COMFORT FOOD ALERT! (And we all need a little comfort at the moment, don’t you think?) Today’s recipe for Chicken and Chickpea Pilaf is a firm favourite in my kitchen.
What is Chicken and Chickpea Pilaf?
Gently spiced chicken and onions served with a warming pilaf of rice and chickpeas. Topped with juicy tomato and a hint of bright and zingy lemon, there are some incredible flavours going on in this dish and I know you’re going to love it.
Where does Chicken and Chickpea Pilaf come from?
This sort of pilaf is actually a famous Turkish street food! have to make a confession. I hardly ever eat take-out food.
As I’m most of the day in the kitchen, there is always plenty of food to grab out of the fridge so I don’t even think about it. However, when I lived in Cyprus, one of my greatest temptations was Tavuklu Nohutlu Pilav – shredded barbecue chicken with rice and chickpeas.
This is a meal that is everywhere in the Turkish culture, from roadside stalls to supermarket counters and fast food joints. It’s always filling and delicious – especially when loaded up with juicy chicken and topped with some spicy pickled peppers.
So this is an authentic Turkish Recipe?
As always, when I make a recipe at home I can’t help but experiment with the ingredients, so this recipe is by no means official, however, it IS delicious. Turkey is a vast country with as many different versions of recipes as there are cooks, so everybody has their own special tweaks.
I’m in a rush! Is there any way I can make this pilaf faster?
You can make this pilaf even faster if you grab a rotisserie chicken from the supermarket.
I have to tell you that the marinade and chicken thighs in this recipe are so quick and easy to put together (not to mention more economical, and we all like it when recipes are easy on the wallet) that they are basically made in the time it takes to cook the rice.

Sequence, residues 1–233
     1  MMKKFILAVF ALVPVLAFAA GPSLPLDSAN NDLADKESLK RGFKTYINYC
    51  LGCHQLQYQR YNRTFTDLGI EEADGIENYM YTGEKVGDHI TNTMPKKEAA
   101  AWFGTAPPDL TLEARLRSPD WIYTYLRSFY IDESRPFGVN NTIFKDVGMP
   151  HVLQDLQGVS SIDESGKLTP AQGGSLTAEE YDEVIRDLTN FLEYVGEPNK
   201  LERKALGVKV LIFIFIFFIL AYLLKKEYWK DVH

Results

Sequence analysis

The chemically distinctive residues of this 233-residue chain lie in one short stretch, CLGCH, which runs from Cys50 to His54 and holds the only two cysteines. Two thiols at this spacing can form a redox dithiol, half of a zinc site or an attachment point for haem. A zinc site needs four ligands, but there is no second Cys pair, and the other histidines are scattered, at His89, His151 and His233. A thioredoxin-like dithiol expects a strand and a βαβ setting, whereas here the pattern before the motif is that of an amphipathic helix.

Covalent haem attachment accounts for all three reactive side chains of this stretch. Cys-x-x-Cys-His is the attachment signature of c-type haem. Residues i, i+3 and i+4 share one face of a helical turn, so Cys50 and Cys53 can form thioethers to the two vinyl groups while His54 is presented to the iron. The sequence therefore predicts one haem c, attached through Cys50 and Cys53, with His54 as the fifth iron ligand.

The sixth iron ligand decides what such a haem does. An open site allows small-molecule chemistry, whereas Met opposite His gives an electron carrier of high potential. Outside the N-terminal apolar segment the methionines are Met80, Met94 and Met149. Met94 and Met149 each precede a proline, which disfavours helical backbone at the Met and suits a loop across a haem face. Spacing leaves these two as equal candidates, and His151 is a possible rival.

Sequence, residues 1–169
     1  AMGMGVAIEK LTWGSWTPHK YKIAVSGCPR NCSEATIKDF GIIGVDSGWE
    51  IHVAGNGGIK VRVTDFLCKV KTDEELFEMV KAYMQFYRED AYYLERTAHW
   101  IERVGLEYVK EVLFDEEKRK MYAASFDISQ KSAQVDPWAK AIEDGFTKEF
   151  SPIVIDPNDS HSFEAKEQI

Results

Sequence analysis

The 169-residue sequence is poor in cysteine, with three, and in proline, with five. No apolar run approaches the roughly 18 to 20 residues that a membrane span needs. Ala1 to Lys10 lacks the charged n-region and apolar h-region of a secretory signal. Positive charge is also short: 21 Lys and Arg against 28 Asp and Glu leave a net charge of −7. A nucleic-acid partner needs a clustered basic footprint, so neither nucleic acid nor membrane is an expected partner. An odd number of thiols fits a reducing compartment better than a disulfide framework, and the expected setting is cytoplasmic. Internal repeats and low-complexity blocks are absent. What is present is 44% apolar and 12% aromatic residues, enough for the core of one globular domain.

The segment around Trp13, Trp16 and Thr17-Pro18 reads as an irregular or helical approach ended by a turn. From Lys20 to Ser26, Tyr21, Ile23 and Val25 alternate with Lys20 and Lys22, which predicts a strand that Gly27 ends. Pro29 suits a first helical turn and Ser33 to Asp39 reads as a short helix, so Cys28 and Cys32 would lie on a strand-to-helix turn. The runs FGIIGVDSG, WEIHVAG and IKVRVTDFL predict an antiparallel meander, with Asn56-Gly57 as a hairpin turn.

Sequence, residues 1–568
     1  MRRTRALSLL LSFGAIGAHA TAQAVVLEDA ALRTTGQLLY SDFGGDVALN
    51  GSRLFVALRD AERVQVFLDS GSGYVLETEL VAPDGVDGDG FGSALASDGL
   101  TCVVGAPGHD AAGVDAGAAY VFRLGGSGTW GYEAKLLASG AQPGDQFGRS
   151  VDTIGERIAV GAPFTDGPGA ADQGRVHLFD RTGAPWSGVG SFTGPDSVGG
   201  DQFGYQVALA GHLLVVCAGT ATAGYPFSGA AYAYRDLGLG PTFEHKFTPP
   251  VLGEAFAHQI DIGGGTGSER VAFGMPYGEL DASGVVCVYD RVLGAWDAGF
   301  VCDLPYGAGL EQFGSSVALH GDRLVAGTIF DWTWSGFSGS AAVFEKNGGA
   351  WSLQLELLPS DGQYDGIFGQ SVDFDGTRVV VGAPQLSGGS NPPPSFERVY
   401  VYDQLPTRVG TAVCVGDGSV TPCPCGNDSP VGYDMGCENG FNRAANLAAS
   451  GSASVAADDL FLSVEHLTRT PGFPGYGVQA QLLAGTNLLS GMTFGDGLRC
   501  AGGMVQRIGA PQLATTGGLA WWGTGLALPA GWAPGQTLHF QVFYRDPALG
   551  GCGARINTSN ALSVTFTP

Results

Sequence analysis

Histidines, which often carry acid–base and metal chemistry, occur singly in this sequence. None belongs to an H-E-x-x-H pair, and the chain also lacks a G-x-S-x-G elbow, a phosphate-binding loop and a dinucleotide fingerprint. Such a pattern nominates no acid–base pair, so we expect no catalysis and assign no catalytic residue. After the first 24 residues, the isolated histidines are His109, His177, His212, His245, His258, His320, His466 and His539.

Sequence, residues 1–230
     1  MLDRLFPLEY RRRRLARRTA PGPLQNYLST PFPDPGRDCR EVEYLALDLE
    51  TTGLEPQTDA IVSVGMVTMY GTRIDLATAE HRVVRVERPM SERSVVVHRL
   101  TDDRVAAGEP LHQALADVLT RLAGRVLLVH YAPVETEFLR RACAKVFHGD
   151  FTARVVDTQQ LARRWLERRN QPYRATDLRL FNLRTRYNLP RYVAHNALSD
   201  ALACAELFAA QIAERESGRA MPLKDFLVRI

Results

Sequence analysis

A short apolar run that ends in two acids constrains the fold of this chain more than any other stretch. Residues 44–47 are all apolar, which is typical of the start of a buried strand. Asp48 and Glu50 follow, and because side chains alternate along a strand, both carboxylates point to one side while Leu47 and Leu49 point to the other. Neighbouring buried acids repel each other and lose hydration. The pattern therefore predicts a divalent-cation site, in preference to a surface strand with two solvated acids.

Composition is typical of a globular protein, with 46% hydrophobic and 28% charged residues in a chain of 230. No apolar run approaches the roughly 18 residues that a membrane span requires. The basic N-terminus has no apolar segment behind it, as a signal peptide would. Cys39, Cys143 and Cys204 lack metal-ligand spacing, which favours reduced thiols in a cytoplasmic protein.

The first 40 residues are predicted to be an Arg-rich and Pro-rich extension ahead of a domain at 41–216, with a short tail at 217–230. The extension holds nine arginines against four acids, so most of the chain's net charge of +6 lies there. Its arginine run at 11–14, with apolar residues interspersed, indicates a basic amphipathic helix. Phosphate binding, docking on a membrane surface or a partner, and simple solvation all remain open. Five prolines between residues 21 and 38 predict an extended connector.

What should I serve with Chickpea Pilaf?
To be fair, this is a complete meal in and of itself, however if you want to cook some other lovely Turkish or Cypriot dishes to go alongside, why not make up a batch of Bulgur Salad, a delicious Greek (and Turkish!) Village Salad, or even some Baklava for afters?
FREQUENTLY ASKED QUESTIONS
I don’t eat chicken, can I make this recipe without?
Of course, this is commonly eaten in Turkey and Cyprus as a purely vegetarian dish. Leave out the chicken and use vegetable stock. It’s comforting but you may like something with some texture alongside, a nice crisp salad or similar.
Can I make Chicken and Chickpea Pilaf in advance?
Definitely! In fact, I think things like this often benefit from reheating. It also freezes well, so is great for preparing well in advance for work or similar. When I cook rice that I know I will reheat, I use a little less water to stop it from getting soggy.
Is this pilaf spicy? I don’t like spicy food!
I use a fairly mild type of chilli in this, pul biber, which is commonly used in Turkish cooking. As always, the beauty of cooking at home is you can adjust the spice to suit your tastes. Replacing the chilli with ground ginger would be lovely and give a more mild heat.
What is Pul Biber?
A type of dried red pepper flake essential to Turkish cooking, sold from sweet to very very spicy! It’s sometimes known as Aleppo Pepper in English and can be found at any Turkish shop. You can replace it with mild chilli flakes.
Chicken & Chickpea Pilaf
Chicken & Chickpea Pilaf or Tavuklu Nohutlu Pilav: shredded barbecue chicken with rice and chickpeas. This is a meal that is everywhere in the Turkish culture, from roadside stalls to supermarket counters and fast food joints.